Subphylum Vertebrata

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(From the Clade Craniata, Phylum Chordata, and Kingdom Animalia/Metazoa pages.)

All extant Vertebrates (animals possessing endoskeleton spines) can be categorized in one of the following two clades:

  • Superclass Agnatha ("jawless" - generally the lampreys and possibly/probably the hagfishes,[1] eel-like[2] animals with cartilaginous, endoskeleton spines that first appeared about 510 million years ago).


  1. The classification of hagfish as outside of the grouping of vertebrates is controversial. The issue is whether the hagfish is itself a degenerate type of vertebrate-fish (most closely related to lampreys), or else may represent a stage which precedes the evolution of the vertebral column (as do lancelets). The original scheme groups hagfish and lampreys together as cyclostomes (or historically, Agnatha), as the oldest surviving class of vertebrates alongside gnathostomes (the now-ubiquitous jawed-vertebrates). An alternative scheme has been proposed where jawed-vertebrates are more closely related to lampreys than to hagfish (i.e., that vertebrates include lampreys but exclude hagfish), and introduces the category craniata as a super-group of the vertebrates. Although recent DNA evidence has supported the original scheme, this outline follows the more recently proposed scheme for morphological reasons.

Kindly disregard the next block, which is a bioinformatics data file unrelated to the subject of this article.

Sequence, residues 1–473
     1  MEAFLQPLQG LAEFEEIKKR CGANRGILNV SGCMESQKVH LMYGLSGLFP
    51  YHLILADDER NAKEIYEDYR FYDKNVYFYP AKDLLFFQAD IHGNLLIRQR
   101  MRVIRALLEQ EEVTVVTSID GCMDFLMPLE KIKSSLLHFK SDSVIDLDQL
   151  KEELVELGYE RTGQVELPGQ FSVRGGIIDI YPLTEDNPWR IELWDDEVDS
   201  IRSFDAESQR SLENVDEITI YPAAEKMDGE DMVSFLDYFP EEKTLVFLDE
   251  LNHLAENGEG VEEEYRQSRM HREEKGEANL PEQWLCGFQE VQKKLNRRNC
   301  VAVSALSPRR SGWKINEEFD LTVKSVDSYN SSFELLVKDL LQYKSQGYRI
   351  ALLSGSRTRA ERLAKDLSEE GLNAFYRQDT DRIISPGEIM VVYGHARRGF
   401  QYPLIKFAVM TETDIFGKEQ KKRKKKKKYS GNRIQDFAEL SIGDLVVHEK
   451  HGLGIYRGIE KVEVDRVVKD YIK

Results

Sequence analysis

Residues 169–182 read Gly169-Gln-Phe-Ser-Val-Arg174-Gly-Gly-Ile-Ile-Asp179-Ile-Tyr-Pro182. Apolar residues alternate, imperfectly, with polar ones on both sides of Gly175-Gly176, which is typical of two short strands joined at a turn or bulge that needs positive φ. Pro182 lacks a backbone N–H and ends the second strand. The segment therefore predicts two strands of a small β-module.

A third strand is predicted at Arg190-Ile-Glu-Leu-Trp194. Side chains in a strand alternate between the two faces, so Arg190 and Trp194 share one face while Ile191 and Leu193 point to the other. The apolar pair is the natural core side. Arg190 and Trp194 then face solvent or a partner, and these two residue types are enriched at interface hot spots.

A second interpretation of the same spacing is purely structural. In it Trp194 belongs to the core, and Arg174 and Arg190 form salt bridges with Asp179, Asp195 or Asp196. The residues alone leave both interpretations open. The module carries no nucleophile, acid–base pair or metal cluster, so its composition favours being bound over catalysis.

2. True eels possess bones.
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